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Does your face get flushed after having a few alcoholic drinks? A lot of people observe their faces turning red after the consumption of alcohol which is known as alcohol flush reaction. This phenomenon takes place when a person has a trouble digesting alcohol completely suggesting that one’s body is less tolerant to alcohol, also known as alcohol sensitivity.
Every alcoholic drink, including wine, beer, and hard liquor, contain a substance known as ethanol. Once alcohol enters the human system, the body begins to metabolize or break this down into other substances which are easier to flush out. One of these metabolites is known as acetaldehyde: a highly toxic chemical. The body needs an enzyme known as ALDH2 (aldehyde dehydrogenase 2) to metabolize acetaldehyde. This enzyme breaks down acetaldehyde into acetate, however, the ALDH2 enzyme is inactive in people who experience alcohol flush reaction. The inability of the body to process acetaldehyde leads to its excessive accumulation in the body, causing a condition called acetaldehydemia.
When a person drinks in moderation, their body is usually able to process such metabolites effectively, however, when a person consumes too much alcohol or they are insensitive to alcohol, their body may be incapable of managing all of the toxic metabolites. Because of this, the level of acetaldehyde starts building up in the body. In response to the toxic material, the blood vessels in the face start dilating, giving it a red or a flushed appearance. Additionally, it might also cause a racing heartbeat and nausea and these symptoms might make drinking an unpleasant experience, causing people to drink less. In a few people, even small quantities of alcohol might cause this.
Susceptibility to facial flushing
Research has established that nearly 540 million people worldwide have ALDH2 deficiency. This accounts for nearly 8 percent of the total population. Comparatively, facial flushing from acetaldehydemia is more common in the East Asian population. People of Korean, Chinese, and Japanese descent are highly likely to have a flush reaction to alcohol as it has been found that nearly 36 percent of East Asians develop facial flushing upon consumption of alcohol. Consequently, the red face phenomenon is also known as the “Asian glow,” or “the Asian flush.”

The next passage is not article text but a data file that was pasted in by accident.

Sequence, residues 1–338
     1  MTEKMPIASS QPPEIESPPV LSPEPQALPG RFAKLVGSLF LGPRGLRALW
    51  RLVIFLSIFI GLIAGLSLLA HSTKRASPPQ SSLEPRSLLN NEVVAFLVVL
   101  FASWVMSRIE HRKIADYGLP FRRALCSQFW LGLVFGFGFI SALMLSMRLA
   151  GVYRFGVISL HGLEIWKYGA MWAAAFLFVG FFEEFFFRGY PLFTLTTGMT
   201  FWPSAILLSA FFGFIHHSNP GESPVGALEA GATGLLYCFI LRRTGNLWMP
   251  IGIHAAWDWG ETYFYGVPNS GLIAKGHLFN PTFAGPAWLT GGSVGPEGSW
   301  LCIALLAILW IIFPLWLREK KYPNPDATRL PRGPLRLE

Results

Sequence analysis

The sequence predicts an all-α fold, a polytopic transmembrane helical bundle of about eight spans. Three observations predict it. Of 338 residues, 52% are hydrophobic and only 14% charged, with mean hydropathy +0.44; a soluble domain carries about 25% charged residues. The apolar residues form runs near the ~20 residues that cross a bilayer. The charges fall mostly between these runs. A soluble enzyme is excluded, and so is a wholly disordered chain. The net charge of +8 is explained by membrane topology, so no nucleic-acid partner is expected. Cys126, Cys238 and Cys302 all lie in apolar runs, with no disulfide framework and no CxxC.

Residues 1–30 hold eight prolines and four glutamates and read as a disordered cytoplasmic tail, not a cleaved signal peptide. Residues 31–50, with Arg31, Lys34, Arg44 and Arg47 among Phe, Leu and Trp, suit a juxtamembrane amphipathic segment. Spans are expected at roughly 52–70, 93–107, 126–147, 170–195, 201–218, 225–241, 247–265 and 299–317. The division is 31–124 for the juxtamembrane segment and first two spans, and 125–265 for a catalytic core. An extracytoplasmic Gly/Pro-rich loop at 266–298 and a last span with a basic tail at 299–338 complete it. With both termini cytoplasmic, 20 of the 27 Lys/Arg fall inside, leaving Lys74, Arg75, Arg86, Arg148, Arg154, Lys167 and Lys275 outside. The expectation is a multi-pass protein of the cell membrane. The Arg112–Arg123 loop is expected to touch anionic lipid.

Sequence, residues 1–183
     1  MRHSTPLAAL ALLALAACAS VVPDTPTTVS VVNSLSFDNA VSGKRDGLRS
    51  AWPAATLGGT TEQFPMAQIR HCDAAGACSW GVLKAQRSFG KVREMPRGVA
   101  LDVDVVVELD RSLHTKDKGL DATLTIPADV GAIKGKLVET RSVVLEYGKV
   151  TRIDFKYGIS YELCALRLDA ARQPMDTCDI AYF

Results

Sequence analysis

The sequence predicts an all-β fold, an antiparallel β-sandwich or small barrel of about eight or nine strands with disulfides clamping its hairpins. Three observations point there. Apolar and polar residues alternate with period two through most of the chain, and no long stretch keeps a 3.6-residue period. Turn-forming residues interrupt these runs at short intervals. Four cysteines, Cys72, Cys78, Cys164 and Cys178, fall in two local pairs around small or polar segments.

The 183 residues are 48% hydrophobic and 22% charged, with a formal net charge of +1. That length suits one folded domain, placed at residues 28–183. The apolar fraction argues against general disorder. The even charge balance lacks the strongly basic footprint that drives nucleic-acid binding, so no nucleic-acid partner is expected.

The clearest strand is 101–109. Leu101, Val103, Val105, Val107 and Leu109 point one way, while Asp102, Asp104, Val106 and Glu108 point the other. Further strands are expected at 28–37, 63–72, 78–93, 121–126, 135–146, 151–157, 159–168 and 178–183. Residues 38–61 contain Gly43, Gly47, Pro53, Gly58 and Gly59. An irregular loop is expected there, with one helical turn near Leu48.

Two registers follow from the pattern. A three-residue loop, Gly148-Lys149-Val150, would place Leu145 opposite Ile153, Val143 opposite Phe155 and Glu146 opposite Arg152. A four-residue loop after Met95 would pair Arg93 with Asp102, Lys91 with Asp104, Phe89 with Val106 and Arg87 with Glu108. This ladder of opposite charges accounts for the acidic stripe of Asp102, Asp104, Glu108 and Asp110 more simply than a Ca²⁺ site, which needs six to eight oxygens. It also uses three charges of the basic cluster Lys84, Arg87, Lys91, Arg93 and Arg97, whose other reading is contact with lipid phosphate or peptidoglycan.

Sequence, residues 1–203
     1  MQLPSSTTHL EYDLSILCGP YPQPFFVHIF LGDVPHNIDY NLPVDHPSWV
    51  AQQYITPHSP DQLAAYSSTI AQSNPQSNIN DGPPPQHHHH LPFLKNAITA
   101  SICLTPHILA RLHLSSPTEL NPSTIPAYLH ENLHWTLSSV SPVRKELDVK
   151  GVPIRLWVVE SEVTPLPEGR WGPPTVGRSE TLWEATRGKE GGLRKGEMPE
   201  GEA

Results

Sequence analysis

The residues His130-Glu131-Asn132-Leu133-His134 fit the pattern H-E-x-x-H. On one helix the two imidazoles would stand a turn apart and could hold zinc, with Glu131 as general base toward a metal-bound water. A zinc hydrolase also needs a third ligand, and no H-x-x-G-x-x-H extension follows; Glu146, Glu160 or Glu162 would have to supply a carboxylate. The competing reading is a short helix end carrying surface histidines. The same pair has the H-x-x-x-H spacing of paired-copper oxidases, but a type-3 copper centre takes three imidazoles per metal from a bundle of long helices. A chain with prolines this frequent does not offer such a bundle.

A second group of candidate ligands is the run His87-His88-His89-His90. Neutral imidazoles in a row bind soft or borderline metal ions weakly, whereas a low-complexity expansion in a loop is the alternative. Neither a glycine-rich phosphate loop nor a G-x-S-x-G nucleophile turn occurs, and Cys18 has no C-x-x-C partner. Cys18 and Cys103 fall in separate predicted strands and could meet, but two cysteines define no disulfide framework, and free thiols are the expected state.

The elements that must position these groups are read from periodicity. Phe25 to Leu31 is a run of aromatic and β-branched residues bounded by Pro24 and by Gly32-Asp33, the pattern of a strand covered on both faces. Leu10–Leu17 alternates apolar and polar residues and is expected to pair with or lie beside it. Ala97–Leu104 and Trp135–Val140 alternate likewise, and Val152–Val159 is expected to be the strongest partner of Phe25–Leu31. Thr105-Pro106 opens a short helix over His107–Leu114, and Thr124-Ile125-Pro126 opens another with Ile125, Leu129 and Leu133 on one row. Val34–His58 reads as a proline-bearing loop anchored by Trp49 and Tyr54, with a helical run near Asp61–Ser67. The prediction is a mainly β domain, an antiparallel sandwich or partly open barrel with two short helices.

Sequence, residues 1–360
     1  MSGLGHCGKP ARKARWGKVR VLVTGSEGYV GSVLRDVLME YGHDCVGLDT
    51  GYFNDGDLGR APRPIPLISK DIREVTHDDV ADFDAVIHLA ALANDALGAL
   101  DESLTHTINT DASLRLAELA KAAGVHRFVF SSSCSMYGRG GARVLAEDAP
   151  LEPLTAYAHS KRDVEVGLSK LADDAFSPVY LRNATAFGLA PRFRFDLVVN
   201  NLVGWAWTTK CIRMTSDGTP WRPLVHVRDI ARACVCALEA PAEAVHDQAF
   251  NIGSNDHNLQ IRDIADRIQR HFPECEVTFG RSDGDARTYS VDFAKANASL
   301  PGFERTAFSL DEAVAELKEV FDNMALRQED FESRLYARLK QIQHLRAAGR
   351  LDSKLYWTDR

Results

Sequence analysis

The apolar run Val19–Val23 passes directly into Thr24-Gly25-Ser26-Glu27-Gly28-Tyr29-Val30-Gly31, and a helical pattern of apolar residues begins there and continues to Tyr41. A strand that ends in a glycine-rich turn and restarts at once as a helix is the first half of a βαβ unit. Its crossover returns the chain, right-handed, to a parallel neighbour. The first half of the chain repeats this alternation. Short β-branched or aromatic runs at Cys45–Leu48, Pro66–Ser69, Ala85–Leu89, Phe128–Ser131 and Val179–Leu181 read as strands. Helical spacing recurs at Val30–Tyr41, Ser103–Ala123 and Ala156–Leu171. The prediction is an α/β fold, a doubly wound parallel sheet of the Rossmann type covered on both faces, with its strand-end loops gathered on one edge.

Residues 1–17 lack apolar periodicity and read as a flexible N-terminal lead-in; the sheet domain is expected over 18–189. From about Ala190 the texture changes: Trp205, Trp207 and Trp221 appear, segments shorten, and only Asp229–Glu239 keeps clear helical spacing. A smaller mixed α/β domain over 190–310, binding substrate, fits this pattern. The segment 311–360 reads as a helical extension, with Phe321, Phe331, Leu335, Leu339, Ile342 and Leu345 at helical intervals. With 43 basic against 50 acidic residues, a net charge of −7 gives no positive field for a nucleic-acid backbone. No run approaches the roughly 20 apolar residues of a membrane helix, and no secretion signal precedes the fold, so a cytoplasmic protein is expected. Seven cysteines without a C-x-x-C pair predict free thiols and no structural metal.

Reports have surfaced that people belonging to the Jewish ethnicity are also experiencing facial flushing. Till date, it has not been discovered why certain ethnicities develop this problem while others do not, however, this is a genetic complication that may run in families.
Facial flushing associated with cancer risk
Acetaldehyde is regarded as an extremely toxic, carcinogenic, and mutagenic agent and its buildup in the body is associated with an increased risk of developing cancer. Therefore, an individual who experiences facial flushing after drinking alcohol, runs a high risk of developing cancer.
Until now, many researchers have tried exploring the link between the risk of cancer and facial flushing. They have found that individuals experiencing facial flushing are at a higher risk of developing many forms of cancer, including laryngeal cancer (OPLC), esophageal squamous cell carcinoma (ESCC), and aerodigestive tract cancer (UATC), which affects the oral cavity and the pharyngeal. This risk was found to be higher in East Asian men.
Some researchers also tried exploring the association between facial flushing and endometrial and breast cancer, however, the results were indecisive. Research has been able to establish a link between facial flushing and a high risk of developing synchronous or metachronous cancers of the upper gastrointestinal tract.
Can alcohol flush be prevented?
As alcohol flush is caused by the genetic deficiency of a gene, the only feasible way of preventing it and the associated risk of cancers and high blood pressure is to avoid or limit the intake of alcohol. Some people resort to using antihistamines to alleviate the discoloration, however, this is not recommended. While some people may find facial flushing to be an embarrassing phenomenon, it is important to note that it is their body’s way of telling them that acetaldehyde levels have reached a toxic level in their body and that they need to hold back and rehydrate with water.
One must also note that alcohol does not cause complications in only the people struggling with this genetic disorder but can cause a host of problems in other individuals as well. Excessive alcohol consumption can give rise to alcohol use disorder (AUD), alcoholic myopathy (disease of the muscle tissue), alcoholic polyneuropathy (disease of the peripheral nerves), alcoholic gastritis (inflammation of the stomach), alcoholic cardiomyopathy (heart disease), alcoholic liver disease, alcohol-induced pancreatitis (inflammation of pancreas), fetal alcohol syndrome (birth defects), stroke, epilepsy, and depressive disorders.
Seeking professional help
If you or a loved one is battling an addiction to alcohol and is looking for a credible rehab center for alcohol detox treatment, get in touch with the Hillside Mission. Our state-of-the-art rapid detox center, located in Southern California, provides evidence-based alcohol addiction treatment programs personalized to achieve long-lasting recovery. For more information about how we can help you combat your addiction, call our 24/7 alcohol detox helpline 866-225-6101 and speak with a member of our admissions team. You can also chat online with a representative now.